The name Soho derives from South of Houston Street. In the nineteen seventies this old industrial area attracted artists. Its abandoned factories and warehouses provided them with studios and living quarters. Gradually it became a sought-after district. Its properties being sold at a premium, and many converted to expensive galleries, outlandish boutiques and unusual restaurants. The wealthy moved in, favouring the upper floors. Soho’s cast iron facades with their wonderfully detailed artwork suddenly proved valuable and were carefully restored.

12. New York Harbour & Fulton Fish Market

New York Harbor

New York Harbor

The old harbour acted as a catalyst for New York’s rise as a world city, goods from all over the world were loaded onto the piers of South Street Seaport. Overseas trade started here as the world’s largest sailing ships offloaded their vital cargos. Fulton fish market is the largest fish market in the world, daily at 4am, 75 wholesalers trade 350,000 pounds of fish. Today the seafood no longer arrives along the East River, but in refrigerator trucks.

13. Brooklyn Bridge – The Eighth Wonder

Brooklyn Bridge

Brooklyn Bridge

Brooklyn Bridge was regarded as the world wonder of a dreamer. German architect John Roebling designed a bridge which would join Manhattan to Brooklyn from the largest American city to the third largest. After Roebling’s sudden death, his son Washington along with his wife completed the planning of this magnificent structure. Originally the longest suspension bridge in the world, it took fourteen years to build. In 1883 work commenced and five years later Brooklyn was joined to New York. The 1.8 kilometre long steel suspension bridge was an impressive symbol of American pioneering spirit.  The Brooklyn Bridge, a New York legend and a miracle of nineteenth century bridge construction. The two bridge piers tower among thousands of steel cables 89 meters high. Its structure reaches 530 meters across the east river and used to be called the eighth wonder of the world. Under its neo-gothic arches, cars, trains and pedestrians go their separate ways.

14. The Circle Line Riverboat

The Circle Line River Boat

The Circle Line River Boat

The Circle Line riverboat journey around Manhattan Island is the city’s most fascinating round-trip. The journey on the Hudson River goes from the west end of 42nd Street and past the southern tip of Manhattan. Under the bridges at the East River, wonderful views emerge of enormous skyscraper canyons.

15. Stare in Awe at the Statue of Liberty

Statue of Liberty

Statue of Liberty

On the 28th October 1886 the most famous statue in North America was officially opened to the thunderous boom of 21 cannons. The Statue of Liberty was constructed in Paris and gifted to America by France to express its support for the American Revolution. The sculptor Frederic Bartholdi and the designer Gustave Eiffel created a structure 102 meters high, with a weight of 225 tons. In 300 pieces and packed in 200 crates, the lady began her journey across the Atlantic. Her gracious iron frame design supported by a central column and an external copper coating. The first ten stories can be reached by elevator from there the spiral staircase leads up the inside of the statue to the Crown. Another twelve stories and 365 steps, the view is breath-taking. At the bottom of the statute is a museum, each phase of construction is displayed here and comparison made with the size and dimensions of other buildings.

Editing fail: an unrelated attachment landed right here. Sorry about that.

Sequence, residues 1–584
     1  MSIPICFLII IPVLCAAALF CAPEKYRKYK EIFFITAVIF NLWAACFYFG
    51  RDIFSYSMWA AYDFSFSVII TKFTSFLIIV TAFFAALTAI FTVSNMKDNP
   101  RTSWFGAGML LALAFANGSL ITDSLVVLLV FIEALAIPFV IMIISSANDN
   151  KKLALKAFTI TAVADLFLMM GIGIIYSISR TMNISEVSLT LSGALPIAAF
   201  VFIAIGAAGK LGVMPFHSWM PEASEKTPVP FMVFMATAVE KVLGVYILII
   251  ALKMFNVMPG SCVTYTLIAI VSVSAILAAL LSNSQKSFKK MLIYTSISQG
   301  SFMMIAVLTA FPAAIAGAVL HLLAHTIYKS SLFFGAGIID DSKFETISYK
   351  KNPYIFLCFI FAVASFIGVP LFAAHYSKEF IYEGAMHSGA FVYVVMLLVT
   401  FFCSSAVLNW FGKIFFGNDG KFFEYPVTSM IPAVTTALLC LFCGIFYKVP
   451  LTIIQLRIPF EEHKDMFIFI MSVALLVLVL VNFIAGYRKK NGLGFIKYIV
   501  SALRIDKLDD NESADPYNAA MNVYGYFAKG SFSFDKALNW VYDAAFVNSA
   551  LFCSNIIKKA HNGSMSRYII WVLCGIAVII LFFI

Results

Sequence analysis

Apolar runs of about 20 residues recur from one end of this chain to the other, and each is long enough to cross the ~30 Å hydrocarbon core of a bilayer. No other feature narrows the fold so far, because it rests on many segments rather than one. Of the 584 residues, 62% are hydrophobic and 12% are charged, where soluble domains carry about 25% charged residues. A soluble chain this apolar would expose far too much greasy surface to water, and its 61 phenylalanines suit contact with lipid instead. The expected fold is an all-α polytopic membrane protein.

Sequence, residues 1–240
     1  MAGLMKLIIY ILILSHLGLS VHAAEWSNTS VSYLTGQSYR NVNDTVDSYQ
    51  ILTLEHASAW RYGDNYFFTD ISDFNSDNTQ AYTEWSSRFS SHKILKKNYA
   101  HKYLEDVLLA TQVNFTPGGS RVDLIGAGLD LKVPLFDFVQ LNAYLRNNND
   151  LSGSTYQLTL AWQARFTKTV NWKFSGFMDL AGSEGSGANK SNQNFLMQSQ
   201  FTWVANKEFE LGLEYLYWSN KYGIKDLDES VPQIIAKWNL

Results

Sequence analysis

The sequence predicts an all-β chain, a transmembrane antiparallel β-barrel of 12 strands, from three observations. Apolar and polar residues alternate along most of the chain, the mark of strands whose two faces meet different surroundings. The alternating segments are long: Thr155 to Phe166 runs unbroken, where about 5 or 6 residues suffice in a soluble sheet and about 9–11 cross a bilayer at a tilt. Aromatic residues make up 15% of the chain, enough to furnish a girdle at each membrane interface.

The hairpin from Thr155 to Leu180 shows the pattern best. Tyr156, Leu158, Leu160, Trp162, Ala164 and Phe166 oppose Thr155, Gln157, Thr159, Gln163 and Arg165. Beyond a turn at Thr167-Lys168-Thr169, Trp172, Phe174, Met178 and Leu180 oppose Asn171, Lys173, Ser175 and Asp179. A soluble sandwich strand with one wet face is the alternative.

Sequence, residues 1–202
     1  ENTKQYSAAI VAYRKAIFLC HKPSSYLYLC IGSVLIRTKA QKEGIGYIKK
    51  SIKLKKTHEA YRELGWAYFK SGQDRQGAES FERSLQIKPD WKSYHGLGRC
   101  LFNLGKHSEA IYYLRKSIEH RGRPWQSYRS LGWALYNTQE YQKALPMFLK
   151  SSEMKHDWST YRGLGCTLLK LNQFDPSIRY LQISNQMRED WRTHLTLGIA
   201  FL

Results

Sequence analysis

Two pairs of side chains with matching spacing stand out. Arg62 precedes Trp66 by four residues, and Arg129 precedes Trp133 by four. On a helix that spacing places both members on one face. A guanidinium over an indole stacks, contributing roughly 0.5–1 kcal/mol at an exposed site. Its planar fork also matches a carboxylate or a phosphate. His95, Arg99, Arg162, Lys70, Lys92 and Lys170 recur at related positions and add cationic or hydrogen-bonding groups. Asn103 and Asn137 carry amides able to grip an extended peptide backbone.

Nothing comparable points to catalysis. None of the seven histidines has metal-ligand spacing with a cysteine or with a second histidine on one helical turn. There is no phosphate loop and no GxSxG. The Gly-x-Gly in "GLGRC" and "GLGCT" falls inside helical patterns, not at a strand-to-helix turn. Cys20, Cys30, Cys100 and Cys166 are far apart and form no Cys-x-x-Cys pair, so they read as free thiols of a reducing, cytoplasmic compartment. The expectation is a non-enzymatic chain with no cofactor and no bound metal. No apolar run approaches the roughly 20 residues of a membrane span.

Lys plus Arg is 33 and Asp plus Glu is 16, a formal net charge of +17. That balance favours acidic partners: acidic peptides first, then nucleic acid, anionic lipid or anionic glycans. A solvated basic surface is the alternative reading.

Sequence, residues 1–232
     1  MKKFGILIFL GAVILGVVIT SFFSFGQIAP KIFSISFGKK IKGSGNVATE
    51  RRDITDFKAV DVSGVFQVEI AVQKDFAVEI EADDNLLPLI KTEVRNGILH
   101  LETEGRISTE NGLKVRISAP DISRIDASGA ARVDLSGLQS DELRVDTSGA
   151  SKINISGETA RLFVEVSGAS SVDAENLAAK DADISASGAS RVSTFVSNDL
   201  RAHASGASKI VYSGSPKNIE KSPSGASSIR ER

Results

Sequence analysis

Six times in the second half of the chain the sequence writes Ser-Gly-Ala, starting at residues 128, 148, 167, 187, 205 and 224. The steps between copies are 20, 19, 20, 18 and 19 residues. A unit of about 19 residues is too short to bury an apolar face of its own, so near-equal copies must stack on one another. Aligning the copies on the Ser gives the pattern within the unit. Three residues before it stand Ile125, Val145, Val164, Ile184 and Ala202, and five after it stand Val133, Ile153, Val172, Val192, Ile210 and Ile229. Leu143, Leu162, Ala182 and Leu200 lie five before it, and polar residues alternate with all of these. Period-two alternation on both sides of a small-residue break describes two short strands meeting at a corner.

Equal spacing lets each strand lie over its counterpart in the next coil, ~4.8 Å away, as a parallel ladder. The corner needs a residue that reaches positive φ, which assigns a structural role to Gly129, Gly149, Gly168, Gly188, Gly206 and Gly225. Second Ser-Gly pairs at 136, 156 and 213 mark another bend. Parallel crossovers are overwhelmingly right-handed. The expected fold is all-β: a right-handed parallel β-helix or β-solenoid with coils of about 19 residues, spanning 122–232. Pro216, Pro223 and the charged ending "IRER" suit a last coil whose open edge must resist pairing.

16. Ellis Island

Ellis Island

Ellis Island

The huge influx of new immigrants made it imperative to open a well-organized reception centre. Close to the Statue of Liberty, Ellis Island was selected. Its massive main building must have seemed like a palace to the 17 million poor immigrants who were screened and examined before they were either allowed entry to the U.S or sent back on the next ship. In the park there is a huge plaque which contains the names of all the immigrants who passed through Ellis Island. It’s also where many Americans find the names of their ancestors. From private donations the reception centre has been renovated and adapted into a museum.

17. Check Out the Nightlife

Broadway

Broadway

New York a pulsating City that never sleeps. In the evening Manhattan takes on a party atmosphere, fantastic neon illuminates the night and assorted restaurants compete for business. Broadway with his theatres and cinemas, Times Square a place for street artists, remarkable skyline and Brooklyn Bridge, a dream turned into reality. New York is the world capital have entertainment. New York is alive and well, thanks to the energy if its people and their thirst for prosperity. The pressure of competition and hunger for success. Being the commercial centre of the universe. Tireless and ever going forward, New York! capital city of money and entertainment!

New York is situated on the same latitude as Naples, and lies on the Delta of the Hudson River. Its weather varies from freezing snowy winters to warm humid summers. Its original inhabitants arrived from Asia about seven thousand years ago traveling across Alaska to the American East Coast. In 1624 32 Dutch and Walloon families arrived at the southern tip of Manhattan. The island of the hills and founded the fort New Amsterdam, the Dutch settled on the island, dug canals through the hills and forced its landscape.

Two years later the first governor bought the island from the native Indians for buttons and glass pearls equivalent to 60 guilders. From 1647 Peter Stuyvesant ruled as governor over a settlement of three hundred inhabitants. However British plan to extend their overseas territories, their warships blocked the harbour in 1664 and, without firing a single shot took the city. Stuyvesant handed over the city to the English without a fight and New Amsterdam became New York. Under British rule the city thrived, maritime trade was improved and important trading ports developed. Fifty years later during the American War of Independence, New York became strategically important and after the declaration of independence on the fourth of July 1776, the British were forced to surrender the city. For some years New York was the capital city the newly founded United States of America.